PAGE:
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Wolff explains Hamilton one-year F1 deal, no veto clause

Toto Wolff says the decision to only agree to a one-year contract extension with Lewis Hamilton was the result of them wanting time to finalise a longer deal.

Wolff explains Hamilton one-year F1 deal, no veto clause

Mercedes ended weeks of speculation on Monday when it announced that Hamilton would be staying for another season with the F1 team.

But the fact that the German car manufacturer and Hamilton only agreed to a single-season contract prompted some surprise, and fuelled talk that 2021 could be the British driver’s last season in F1.

Speaking to media on Monday, Wolff explained the background to the contract length – and made clear that there was a desire from both of them to delay lengthier discussions regarding 2022 and beyond until the season got going.

Wolff said that complications caused by both of them catching coronavirus, which derailed hope of talks taking place towards the end of last season, forced a change of plan.

“We jointly agreed on a one-year deal,” said Wolff. “First of all, there is a substantial regulation change in 2022. We also want to see how the world develops, and the company. Plus on the other side, it's because we kept it very late.

“We wanted to discuss the contract at the end of the season between the Bahrain races and then obviously, Lewis didn't feel well. And in the end, we started our conversation, just before Christmas.

“So it was important to get it done as soon as possible. And in that respect, we thought, let's postpone the discussion about 2022 and onwards to a later stage in 2021.”

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Wolff said that the ongoing uncertainties about the impact of coronavirus on F1, and especially in relation to team budgets, meant that it was difficult to make certain commitments now about a longer term contract.

That is why he feels contract talks next summer regarding 2022 and beyond will be much clearer – and will allow time for proper discussion.

“There are uncertainties in the world that affect the way that the sport can operate, that have an influence on our revenue, TV monies, and on sponsorship income.

“Daimler, Mercedes, is in a huge transformation towards electric mobility and that means investments. So we are living in a financial reality that is very different to what it was a few years ago.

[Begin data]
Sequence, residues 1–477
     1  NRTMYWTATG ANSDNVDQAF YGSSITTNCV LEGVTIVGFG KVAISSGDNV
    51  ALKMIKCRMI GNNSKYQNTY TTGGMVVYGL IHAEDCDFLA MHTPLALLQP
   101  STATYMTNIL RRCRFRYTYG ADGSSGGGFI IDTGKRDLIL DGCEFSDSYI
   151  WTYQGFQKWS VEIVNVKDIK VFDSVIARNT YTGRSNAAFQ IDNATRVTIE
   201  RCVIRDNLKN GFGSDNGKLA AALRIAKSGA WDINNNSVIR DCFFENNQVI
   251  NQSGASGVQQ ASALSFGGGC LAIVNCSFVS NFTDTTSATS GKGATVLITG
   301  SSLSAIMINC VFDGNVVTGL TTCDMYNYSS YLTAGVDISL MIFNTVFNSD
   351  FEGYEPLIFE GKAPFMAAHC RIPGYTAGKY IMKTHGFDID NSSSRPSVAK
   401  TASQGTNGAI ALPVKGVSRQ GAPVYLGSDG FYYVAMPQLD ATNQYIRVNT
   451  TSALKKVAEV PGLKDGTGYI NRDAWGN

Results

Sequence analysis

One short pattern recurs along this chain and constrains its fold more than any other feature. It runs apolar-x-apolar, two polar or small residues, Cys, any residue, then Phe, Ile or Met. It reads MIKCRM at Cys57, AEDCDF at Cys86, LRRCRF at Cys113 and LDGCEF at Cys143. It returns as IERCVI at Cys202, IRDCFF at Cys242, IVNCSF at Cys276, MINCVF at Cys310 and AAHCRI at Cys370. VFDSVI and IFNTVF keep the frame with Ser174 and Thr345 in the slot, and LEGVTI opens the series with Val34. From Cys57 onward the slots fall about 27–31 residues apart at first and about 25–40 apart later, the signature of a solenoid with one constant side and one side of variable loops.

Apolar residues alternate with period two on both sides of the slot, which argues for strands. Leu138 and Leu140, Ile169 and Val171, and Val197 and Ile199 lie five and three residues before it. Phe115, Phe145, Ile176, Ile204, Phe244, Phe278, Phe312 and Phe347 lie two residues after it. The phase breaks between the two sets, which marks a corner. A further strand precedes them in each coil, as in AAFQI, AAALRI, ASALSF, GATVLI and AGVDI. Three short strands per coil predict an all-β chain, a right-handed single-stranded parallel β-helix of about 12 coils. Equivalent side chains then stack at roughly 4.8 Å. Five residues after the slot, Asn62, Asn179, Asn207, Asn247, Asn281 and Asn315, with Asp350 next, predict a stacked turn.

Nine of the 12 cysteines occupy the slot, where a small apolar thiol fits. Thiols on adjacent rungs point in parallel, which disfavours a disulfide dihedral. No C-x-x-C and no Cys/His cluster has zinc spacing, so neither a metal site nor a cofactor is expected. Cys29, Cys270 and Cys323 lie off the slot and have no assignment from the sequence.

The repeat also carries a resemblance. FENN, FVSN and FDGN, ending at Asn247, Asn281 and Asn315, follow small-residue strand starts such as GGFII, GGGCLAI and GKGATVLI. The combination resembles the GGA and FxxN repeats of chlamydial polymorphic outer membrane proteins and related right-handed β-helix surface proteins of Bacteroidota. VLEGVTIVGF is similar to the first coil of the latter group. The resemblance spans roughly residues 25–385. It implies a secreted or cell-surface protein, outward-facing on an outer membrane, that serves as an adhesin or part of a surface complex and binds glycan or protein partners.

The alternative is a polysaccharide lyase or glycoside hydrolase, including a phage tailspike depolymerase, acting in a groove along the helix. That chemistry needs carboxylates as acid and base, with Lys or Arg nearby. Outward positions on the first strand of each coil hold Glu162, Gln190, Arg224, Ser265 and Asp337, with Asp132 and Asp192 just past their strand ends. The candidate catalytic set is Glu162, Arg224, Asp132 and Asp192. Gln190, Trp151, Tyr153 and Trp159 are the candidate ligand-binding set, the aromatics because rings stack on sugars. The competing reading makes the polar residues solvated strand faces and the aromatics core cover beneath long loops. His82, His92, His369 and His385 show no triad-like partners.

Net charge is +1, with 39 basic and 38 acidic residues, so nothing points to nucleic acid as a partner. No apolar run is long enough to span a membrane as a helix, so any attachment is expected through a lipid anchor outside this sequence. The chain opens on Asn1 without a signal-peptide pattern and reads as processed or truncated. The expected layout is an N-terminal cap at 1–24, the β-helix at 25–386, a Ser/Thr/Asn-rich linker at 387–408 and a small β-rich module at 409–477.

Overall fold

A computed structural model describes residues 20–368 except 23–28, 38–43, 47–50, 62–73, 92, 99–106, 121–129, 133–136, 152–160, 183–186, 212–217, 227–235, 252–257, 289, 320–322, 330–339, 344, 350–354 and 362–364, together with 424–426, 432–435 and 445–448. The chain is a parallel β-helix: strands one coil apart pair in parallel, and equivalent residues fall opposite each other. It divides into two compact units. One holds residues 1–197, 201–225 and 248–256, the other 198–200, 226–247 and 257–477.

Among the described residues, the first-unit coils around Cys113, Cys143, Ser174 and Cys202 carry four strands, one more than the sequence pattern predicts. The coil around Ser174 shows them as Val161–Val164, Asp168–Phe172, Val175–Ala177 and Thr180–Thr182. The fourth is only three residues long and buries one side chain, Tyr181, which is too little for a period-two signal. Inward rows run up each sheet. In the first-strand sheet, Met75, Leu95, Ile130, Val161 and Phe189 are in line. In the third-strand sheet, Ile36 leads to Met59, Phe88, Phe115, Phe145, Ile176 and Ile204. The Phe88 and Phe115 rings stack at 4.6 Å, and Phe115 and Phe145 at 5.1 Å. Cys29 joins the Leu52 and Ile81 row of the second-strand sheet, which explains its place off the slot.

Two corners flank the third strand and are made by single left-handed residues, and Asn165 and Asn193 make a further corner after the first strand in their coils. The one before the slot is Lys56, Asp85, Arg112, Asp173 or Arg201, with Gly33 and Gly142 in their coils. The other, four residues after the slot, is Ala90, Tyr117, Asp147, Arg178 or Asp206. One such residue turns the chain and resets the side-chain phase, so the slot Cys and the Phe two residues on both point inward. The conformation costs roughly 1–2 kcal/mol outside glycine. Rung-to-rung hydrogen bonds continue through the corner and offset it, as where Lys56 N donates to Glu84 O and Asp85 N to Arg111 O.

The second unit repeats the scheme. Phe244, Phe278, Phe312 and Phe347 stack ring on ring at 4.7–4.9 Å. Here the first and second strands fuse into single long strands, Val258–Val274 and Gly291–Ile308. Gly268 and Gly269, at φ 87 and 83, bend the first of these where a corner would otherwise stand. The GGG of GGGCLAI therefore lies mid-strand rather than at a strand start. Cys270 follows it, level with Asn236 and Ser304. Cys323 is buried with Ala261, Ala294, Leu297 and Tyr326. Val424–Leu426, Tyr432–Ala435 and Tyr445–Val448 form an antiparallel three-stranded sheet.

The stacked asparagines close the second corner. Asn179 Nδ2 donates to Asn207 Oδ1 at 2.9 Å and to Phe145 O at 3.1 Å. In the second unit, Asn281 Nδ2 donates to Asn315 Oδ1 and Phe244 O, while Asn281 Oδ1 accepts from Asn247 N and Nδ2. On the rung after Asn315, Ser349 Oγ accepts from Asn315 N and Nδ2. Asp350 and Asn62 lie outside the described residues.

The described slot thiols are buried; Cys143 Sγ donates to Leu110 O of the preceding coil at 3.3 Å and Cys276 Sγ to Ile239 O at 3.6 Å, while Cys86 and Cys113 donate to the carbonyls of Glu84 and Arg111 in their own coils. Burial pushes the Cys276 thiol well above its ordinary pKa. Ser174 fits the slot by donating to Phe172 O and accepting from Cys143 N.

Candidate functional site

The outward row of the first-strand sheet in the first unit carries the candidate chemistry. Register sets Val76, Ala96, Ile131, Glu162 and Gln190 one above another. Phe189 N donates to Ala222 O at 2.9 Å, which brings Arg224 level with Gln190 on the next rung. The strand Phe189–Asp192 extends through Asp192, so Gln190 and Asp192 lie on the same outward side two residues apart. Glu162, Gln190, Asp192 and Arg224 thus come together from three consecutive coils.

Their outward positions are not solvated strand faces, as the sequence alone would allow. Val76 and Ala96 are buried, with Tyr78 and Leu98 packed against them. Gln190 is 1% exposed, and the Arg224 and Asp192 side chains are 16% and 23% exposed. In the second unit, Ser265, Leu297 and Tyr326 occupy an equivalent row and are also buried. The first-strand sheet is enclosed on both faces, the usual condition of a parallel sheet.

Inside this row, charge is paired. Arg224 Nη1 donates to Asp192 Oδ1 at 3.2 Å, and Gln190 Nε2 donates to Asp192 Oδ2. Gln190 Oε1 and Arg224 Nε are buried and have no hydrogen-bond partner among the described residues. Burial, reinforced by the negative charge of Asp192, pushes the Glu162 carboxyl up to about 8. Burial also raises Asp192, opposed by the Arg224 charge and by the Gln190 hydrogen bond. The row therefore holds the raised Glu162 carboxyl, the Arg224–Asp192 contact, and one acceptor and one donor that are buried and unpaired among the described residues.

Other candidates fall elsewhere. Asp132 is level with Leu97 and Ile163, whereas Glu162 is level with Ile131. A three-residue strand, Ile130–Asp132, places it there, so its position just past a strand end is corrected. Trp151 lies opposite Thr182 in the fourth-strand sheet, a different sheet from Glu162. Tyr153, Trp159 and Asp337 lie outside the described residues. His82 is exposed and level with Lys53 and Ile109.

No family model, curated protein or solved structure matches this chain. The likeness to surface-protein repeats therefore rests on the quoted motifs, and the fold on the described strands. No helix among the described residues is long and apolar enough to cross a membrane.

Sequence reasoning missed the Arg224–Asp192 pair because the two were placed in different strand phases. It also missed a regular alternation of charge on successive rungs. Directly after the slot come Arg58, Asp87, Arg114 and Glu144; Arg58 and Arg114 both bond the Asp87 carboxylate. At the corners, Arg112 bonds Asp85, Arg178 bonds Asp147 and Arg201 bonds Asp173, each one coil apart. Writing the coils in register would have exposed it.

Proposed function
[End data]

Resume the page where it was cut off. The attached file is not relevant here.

“But having said that, we are totally inline, Lewis and me and the wider group at Mercedes about the situation. So there was never any discrepancy in opinion.

“It was just that we felt we could get a good signature on the 2021 contract because we just need to get going and then find some time during 2021, earlier than this time around, to discuss the future.

“And it's not only specifically to 2022, but also beyond. And that is not something that we wanted to carve out via videoconferencing between Christmas and the end of January."

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Wolff also rubbished any talk of Hamilton demanding a driver veto in his contract to avoid being partnered with another superstar driver like Max Verstappen.

He also said that suggestions pay talks had hit a sticking point over a potential revenue share of Mercedes incomes were totally made up.

“On the specific clauses that were out there in the media, I don't know where they came from because none of that is true,” he said.

“I actually read about this, and I found it interesting, but the truth is that there was not one second of discussion about any driver specific clause. He has never asked for that in the last eight years. And it's a team decision.

“And the other clause about a revenue share. That came out of nowhere. That rumour was baseless, too. So none of that was ever part of our discussions.”

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Series Formula 1
Drivers Lewis Hamilton
Teams Mercedes
Author Jonathan Noble
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